It may seem that when bread goes stale is a result of it losing water and getting more and more dry. If that were the case, it would make sense to think that putting the bread in a humid and cold environment will slow down water evaporation and therefore the staling process. This would indicate that putting bread in the fridge, we should be able to keep it fresh longer.

I conducted the following experiment. I cooked pre-baked bread in the oven, sliced 4 pieces of it and store them in 4 different places: in open air, wrapped in a cloth at room temperature, in the fridge and in the freezer. After 10 hours, which one do you think was the hardest? In the next picture I have arranged them from the hardest to the softest:

Bread going stale

Bread going stale

The hardest one was of course the one that was in the freezer but then, surprisingly, the next hardest one was the one that was in the fridge! The one that had been left in open air was also hard, although less than the other two and the one I had kept inside a cloth had acquired a chewy consistency.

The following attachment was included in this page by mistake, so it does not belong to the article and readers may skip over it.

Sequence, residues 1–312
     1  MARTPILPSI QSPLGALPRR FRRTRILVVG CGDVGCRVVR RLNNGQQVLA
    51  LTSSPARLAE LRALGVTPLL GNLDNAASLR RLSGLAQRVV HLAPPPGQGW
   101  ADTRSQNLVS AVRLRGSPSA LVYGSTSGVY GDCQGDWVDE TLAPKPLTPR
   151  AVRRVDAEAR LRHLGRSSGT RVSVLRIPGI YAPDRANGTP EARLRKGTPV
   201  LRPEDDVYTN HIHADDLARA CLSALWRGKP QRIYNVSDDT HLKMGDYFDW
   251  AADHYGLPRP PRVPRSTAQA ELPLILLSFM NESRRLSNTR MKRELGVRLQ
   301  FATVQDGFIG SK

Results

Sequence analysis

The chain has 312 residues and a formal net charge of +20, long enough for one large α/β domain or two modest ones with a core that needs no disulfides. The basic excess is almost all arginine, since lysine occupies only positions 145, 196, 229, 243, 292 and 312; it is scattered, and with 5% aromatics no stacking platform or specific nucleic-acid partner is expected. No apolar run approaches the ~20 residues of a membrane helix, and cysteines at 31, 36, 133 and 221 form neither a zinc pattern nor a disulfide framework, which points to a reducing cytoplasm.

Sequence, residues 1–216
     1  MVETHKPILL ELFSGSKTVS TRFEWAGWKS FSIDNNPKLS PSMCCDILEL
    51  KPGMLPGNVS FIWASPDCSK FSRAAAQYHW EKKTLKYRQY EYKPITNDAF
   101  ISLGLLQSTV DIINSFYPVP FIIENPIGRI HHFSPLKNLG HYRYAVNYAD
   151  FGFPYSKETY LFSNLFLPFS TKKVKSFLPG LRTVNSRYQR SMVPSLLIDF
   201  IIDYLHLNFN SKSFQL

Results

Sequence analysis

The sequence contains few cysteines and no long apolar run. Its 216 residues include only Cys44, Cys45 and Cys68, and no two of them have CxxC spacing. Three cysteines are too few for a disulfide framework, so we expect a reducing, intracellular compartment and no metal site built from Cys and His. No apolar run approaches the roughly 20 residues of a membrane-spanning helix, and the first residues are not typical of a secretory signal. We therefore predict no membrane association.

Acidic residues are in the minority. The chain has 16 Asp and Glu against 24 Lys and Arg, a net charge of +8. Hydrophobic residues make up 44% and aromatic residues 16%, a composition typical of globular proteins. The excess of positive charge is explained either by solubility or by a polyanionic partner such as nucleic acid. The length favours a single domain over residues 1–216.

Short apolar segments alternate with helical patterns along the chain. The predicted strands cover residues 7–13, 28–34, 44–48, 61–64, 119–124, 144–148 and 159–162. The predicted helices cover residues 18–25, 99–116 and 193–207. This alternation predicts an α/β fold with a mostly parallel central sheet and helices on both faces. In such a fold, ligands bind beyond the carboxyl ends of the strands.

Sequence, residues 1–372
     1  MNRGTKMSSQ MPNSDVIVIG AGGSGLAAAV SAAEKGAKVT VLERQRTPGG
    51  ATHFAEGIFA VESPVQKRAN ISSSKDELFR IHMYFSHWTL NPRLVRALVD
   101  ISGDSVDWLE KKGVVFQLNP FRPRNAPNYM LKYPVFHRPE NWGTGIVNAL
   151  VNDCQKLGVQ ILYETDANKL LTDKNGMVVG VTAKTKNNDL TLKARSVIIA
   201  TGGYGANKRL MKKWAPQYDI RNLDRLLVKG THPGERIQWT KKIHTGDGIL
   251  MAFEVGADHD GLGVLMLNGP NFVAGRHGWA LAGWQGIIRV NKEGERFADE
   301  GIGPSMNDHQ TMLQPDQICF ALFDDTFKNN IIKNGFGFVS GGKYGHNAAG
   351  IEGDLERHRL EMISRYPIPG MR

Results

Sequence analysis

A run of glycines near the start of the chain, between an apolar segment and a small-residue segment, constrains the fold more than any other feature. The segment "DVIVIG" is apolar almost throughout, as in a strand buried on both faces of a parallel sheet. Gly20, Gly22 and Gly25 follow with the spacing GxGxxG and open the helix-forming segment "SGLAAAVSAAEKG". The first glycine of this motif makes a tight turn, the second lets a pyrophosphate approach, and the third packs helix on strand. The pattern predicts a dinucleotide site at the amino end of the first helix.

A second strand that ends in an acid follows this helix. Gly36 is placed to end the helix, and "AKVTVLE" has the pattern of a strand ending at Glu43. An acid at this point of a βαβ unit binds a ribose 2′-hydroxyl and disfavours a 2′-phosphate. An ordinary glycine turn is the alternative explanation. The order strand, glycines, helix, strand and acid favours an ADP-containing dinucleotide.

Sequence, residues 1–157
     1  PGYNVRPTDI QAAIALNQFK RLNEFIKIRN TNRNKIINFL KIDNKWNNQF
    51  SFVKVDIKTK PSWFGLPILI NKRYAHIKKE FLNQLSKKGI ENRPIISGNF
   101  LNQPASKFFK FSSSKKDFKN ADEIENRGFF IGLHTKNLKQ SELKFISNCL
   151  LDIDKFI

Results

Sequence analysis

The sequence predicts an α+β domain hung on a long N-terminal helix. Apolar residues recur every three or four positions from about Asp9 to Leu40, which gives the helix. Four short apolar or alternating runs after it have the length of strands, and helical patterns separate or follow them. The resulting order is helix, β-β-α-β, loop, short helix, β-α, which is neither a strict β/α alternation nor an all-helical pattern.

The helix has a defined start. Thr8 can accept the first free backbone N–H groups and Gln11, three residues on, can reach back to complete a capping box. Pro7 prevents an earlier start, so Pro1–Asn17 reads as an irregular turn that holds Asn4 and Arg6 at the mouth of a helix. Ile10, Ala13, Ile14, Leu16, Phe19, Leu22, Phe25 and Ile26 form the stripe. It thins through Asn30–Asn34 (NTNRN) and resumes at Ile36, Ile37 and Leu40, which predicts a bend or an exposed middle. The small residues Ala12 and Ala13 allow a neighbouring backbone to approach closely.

Actually in the process of going stale bread does not lose water, but rather the opposite. What happens is a phase transition. The starch molecules that constitute the bread slowly crystallize to a more rigid form, making the bread harder and giving the impression that it is drying out. As it turns out, to crystallize they starch molecules need to associate with lots of water so what they are doing is taking  free water molecules from the bread and the surrounding air and trapping them in a crystal form.

This also explains why the piece of bread that I kept in a cloth did not get harder but rather chewy (the effect is bigger if you keep it in a plastic bag). In that case, the starch can not access as many water molecules in the air and therefore does not crystallize.

One last thing to notice is that this is also the reason why cakes stale at a much slower rate that bread. This is because cakes have sugar and sugar loves water, so the sugar absorbs some of the water around which are then not available for the bread to absorb and then crystallize slowing down the staling process.

The speed at which this crystallization takes place depends, among other things, on temperature and it has its peak at around 4ºC (39F) which is why it stales quicker in the fridge than it does in open air.

The good news is that this process is partially reversible. All you need to do is heat the bread a little bit and it will look like fresh for some minutes (when it cools down again it will be worse than before because in the process it will have lost moisture). I put my 4 slices of bread in a preheated oven with a very low temperature 80ºC (176F) for only 3 minutes and it was good as new :).

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